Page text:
The effects of threshold inspiratory muscle training in patients with obstructive sleep apnea: a randomized experimental study

Huei Chen Lin, Ling Ling Chiang, Jun Hui Ong, Kun-Ling Tsai, Ching-Hsia Hung, Cheng-Yu Lin

研究成果: Article

摘要

Objectives: Patients with obstructive sleep apnea (OSA) (an obstructed airway and intermittent hypoxia) negatively affect their respiratory muscles. We evaluated the effects of a 12-week threshold inspiratory muscle training (TIMT) program on OSA severity, daytime sleepiness, and pulmonary function in newly diagnosed OSA. Methods: Sixteen patients with moderate-to-severe OSA were randomly assigned to a TIMT group and 6 to a control group. The home-based TIMT program was 30–45 min/day, 5 days/week, for 12 weeks using a TIMT training device. Their apnea-hypopnea index (AHI), Epworth sleepiness scale (ESS), and forced vital capacity (FVC) scores were evaluated pre- and post-treatment. Polysomnographic (PSG) analysis showed that 9 TIMT-group patients had positively responded (TIMT-responder group: post-treatment AHI < pre-treatment) and that 7 had not (TIMT non-responder group: post-treatment AHI > pre-treatment). Results: Post-treatment AHI and ESS scores were significantly (both P < 0.05) lower 6% and 20.2%, respectively. A baseline AHI ≤ 29.0/h predicted TIMT-responder group patients (sensitivity 77.8%; specificity 85.7%). FVC was also significantly (P < 0.05) higher 7.2%. Baseline AHI and FEV6.0 were significant predictors of successful TIMT-responder group intervention. OSA severity and daytime sleepiness were also significantly attenuated. Conclusions: Home-based TIMT training is simple, efficacious, and cost-effective.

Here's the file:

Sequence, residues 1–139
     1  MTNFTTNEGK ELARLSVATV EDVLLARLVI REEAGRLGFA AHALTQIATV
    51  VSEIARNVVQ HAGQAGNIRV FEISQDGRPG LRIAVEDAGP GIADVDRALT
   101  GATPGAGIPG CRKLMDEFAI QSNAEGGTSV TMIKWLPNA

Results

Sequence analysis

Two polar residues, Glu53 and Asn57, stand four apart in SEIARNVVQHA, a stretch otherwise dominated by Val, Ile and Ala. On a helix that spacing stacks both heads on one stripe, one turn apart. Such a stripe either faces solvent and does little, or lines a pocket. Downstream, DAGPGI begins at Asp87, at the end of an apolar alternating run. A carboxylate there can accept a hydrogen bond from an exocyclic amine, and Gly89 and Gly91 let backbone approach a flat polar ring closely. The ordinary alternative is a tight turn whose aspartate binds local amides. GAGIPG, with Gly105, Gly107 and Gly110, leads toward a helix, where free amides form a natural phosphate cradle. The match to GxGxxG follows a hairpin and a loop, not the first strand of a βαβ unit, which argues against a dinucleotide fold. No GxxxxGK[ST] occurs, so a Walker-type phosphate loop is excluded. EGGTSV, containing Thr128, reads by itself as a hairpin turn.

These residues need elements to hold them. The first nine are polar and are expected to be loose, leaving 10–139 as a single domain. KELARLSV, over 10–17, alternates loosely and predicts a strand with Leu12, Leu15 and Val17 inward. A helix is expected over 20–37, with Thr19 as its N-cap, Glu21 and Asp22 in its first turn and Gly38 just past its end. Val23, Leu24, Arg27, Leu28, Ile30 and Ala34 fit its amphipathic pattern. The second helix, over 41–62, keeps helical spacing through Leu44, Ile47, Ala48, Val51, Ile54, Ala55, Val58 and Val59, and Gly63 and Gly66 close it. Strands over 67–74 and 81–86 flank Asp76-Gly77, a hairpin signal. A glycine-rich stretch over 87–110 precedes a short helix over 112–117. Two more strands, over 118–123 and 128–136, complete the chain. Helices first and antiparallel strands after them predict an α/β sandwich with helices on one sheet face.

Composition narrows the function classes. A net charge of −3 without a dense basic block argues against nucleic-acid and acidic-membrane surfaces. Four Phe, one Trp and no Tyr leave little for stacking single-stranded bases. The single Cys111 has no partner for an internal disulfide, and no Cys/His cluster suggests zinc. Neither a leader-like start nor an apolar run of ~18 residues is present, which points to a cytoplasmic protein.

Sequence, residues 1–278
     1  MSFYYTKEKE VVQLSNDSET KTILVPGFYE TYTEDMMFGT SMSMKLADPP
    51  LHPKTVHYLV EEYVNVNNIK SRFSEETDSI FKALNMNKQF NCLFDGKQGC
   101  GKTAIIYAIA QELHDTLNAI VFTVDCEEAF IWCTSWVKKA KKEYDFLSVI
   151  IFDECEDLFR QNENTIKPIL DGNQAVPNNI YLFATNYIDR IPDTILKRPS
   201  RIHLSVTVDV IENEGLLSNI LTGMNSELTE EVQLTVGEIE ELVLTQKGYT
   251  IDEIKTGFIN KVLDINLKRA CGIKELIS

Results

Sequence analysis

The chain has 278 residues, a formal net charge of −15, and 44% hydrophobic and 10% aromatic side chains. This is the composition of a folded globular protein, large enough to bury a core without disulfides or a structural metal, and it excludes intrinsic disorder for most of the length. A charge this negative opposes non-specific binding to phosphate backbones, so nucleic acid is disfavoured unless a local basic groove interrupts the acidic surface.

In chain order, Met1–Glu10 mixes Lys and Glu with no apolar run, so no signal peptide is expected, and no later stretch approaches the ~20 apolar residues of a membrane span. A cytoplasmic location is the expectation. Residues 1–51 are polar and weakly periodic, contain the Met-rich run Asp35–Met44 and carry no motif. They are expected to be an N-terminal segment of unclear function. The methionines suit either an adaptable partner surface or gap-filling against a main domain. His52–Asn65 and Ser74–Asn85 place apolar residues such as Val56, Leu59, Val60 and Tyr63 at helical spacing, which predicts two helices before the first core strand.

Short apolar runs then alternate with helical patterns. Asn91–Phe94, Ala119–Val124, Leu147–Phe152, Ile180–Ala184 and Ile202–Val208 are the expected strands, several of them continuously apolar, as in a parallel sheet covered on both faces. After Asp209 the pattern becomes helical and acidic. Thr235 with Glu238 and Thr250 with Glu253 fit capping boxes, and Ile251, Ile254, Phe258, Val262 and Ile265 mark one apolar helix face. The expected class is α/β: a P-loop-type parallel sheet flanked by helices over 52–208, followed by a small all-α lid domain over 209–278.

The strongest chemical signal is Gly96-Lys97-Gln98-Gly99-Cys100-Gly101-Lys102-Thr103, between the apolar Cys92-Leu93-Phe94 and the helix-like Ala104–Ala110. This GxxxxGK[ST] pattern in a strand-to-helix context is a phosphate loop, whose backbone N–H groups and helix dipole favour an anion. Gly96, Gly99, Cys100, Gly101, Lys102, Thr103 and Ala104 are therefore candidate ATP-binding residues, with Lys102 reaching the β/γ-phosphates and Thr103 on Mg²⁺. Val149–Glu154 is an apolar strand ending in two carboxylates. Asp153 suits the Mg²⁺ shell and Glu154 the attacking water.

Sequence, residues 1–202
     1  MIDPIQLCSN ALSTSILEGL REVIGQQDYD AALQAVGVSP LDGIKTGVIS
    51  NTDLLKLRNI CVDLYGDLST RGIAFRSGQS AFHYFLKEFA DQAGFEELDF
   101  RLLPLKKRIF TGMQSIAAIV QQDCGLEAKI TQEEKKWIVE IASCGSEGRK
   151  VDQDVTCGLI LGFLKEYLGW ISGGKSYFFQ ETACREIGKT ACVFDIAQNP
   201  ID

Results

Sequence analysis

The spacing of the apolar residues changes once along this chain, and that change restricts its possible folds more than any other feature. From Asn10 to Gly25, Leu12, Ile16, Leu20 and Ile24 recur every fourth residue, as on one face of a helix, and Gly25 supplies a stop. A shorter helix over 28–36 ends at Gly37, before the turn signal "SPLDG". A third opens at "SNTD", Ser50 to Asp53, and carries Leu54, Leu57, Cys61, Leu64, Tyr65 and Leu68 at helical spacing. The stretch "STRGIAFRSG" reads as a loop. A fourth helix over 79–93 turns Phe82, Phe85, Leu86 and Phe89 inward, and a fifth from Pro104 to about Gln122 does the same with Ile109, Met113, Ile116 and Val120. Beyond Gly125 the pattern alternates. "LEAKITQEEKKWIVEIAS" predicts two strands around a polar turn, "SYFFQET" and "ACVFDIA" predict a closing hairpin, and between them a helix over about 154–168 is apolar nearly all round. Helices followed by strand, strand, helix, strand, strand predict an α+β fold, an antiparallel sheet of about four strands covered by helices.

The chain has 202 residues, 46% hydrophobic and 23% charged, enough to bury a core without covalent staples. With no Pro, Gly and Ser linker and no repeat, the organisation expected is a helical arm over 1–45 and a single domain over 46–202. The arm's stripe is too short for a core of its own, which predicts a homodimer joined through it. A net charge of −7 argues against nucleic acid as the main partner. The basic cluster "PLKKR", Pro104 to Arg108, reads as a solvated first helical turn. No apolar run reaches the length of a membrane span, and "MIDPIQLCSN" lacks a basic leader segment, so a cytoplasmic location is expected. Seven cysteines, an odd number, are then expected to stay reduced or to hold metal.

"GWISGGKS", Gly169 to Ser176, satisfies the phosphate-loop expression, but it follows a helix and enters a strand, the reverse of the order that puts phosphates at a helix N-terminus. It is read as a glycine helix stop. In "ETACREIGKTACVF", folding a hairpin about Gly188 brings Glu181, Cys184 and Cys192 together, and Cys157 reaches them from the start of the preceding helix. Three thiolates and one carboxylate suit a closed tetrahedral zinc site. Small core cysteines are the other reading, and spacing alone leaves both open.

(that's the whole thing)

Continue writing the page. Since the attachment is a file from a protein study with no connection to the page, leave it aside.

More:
原文English
期刊Sleep and Breathing
DOIs
出版狀態Published - 2019 一月 1

指紋

Obstructive Sleep Apnea
Muscles
Apnea
Vital Capacity
Therapeutics
Education
Respiratory Muscles
Costs and Cost Analysis
Equipment and Supplies
Lung
Control Groups

All Science Journal Classification (ASJC) codes

  • Otorhinolaryngology
  • Clinical Neurology

引用此文

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title = "The effects of threshold inspiratory muscle training in patients with obstructive sleep apnea: a randomized experimental study",